Wow, I feared that when the American Empire started to go, it wouldn’t go peacefully, but I didn’t expect a mob bearing the Confederate Flag storming Capitol Hill just yet. Crazy. Mind you, I was reading about the protests of the 1960s on my lunch break (civil rights, anti-war) and I think the scale and perhaps also the intensity of unrest greater then than now. It’s just that Twitter and 24 hour news coverage make it more visible now. Compare Capitol Hill with rioters storming the Pentagon in 1967. On the other hand, civil rights and Vietnam bubbled away for years, so who knows how things will look in 2030? The culture of the sixties was definitely better though.
Back here in London…
I had a lot of anxiety again today. I am going through an anxious time, but it occurred to me that I’m coming off olanzapine, which is probably making the anxiety worse. This morning on the Tube in to work, I was too anxious to do much Torah study as I usually do. I tried to practise mindful acceptance of my anxiety and guilt feelings. It helped a bit. The anxiety went away a bit during the morning as I was busy at work, but came back in the afternoon as there wasn’t much for me to do. Sometimes it felt like borderline religious OCD (anxiety that I’ve done/will do something religiously wrong). This leads to a feeling that everything I do to try and move my life on (careers, relationships) just provokes guilt for not being perfect. I try to tell myself it’s irrational guilt, but the slightest mishap (and mishaps are inevitable) just sets me to thinking that I’m being punished by God and that worse is in store for me. I am not sure how to cure myself of this dynamic.
I think I tend to see life very much in black and white terms (which is a classic autistic perspective), but specifically in black and white moral terms. It’s a kind of scrupulosity (religious OCD) whereby I want to be morally perfect and see any moral imperfection as heinous. This leads to things like me applying for jobs that are not right for me because I feel “ought” to do so. My moral integrity and honesty is a big part of my self-esteem (insofar as I have much self-esteem), so it’s hard to challenge it.
Similarly, in terms of dating, I’ve partly internalised a frum (religious Jewish) model of dating which sees the dating process in extremely moralised and black and white terms (e.g. avoiding platonic friendships with the opposite sex; no dating before being ready to marry, in terms of having a settled career and mental health; pre-screening dates to only date people with shared values; avoiding long-term relationships before marriage). I do this even though this model has not worked for me. This leads me to feel that everything I do in dating is wrong and that my dating difficulties are a punishment from God. However, I am not sufficiently integrated into the frum community to really be able to date that way even if I wanted to do so.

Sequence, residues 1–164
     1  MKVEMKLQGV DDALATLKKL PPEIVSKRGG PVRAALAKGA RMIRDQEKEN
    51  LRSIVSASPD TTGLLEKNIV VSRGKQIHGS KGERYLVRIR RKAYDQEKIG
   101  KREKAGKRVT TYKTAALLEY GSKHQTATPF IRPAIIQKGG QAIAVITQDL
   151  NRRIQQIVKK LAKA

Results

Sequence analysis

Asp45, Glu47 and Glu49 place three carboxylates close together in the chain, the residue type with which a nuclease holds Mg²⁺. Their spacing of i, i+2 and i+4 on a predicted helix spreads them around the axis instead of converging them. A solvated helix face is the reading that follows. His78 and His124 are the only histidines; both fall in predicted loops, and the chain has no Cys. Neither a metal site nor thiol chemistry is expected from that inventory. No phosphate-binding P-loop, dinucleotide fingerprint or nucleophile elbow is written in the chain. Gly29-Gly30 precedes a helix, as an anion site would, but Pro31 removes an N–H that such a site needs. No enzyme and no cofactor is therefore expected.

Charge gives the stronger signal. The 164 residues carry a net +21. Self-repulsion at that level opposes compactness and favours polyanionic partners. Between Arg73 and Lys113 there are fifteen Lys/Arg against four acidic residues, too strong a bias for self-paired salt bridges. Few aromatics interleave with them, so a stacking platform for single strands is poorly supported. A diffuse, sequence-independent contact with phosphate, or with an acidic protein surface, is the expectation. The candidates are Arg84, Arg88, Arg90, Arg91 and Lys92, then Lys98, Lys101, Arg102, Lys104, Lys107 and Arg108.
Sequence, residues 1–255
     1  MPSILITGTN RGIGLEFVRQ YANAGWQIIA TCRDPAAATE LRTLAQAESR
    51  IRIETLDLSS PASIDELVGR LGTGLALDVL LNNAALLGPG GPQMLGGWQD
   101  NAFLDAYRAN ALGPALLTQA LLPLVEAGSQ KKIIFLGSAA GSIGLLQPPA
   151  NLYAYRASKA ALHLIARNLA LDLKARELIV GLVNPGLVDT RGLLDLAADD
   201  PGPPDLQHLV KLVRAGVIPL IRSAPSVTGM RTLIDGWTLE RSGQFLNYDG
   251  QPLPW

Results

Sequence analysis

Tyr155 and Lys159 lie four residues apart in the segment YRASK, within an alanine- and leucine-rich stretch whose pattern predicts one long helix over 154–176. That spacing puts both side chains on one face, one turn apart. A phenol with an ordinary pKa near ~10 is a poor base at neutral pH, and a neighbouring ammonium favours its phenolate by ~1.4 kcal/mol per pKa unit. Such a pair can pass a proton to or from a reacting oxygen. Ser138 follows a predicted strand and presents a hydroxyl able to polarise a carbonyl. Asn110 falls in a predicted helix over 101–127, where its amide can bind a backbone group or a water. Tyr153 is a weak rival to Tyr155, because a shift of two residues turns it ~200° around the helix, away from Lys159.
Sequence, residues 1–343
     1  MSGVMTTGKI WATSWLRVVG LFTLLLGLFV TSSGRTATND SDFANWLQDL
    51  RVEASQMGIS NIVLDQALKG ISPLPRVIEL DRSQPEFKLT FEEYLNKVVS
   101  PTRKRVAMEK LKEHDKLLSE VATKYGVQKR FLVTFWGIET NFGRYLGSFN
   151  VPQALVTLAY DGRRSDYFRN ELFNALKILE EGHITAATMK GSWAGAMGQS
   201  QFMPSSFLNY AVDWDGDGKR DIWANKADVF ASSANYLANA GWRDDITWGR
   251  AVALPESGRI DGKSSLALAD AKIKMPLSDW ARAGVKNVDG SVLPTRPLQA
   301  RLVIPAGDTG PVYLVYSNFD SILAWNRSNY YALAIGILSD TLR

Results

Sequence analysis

Both PIMOJ and my therapist struggled to understand yesterday how I can feel that I’ve never fitted into or been accepted by the Orthodox world and yet still want to be a part of it. I’m not sure that I have the answer to this question myself. I believe in Orthodox Judaism, even if I’m not really able to live the right sort of life, practically, that would enable me to function in the community. That’s the best answer I have. I know that many people would, if not consciously then at least unconsciously, change their beliefs for ones that fitted better with a possible or desirable lifestyle. That has just never happened with me, for whatever reason.
As a side-note on black and white morality, I’ve encountered quite a number of rabbis over the years who claimed to be very badly behaved in their youth. I’m not quite sure what to make of this. Are they exaggerating to try to connect with young people? Does a disobedient, questioning, cast of mind lend itself well to Talmudic study? Probably. Can the uncontrollable energy of the boisterous child be focused into the superhuman amounts of emotional energy needed by the congregational rabbi? Possibly. Sometimes I feel weirdly that if only I had been worse-behaved at school, I might be in a much better situation today. It will be weird if I go to Heaven and they tell me that I was too well-behaved to earn much reward.
Speaking of which, PIMOJ and I streamed (separately) Soul, the latest Pixar film, about a musician who dies, but wants to come back to Earth, and is set to mentor a soul that is resisting being born. It was amusing enough, but I found it hard to concentrate on and triggered a lot of uncomfortable thoughts about my not enjoying life or having a clear purpose (I want to be a writer, but worry I won’t make it). I couldn’t really explain to PIMOJ that I want to enjoy the small moments of life, but all too often I can’t, and I can’t will that enjoyment into being, particularly not if it’s still an element of depression.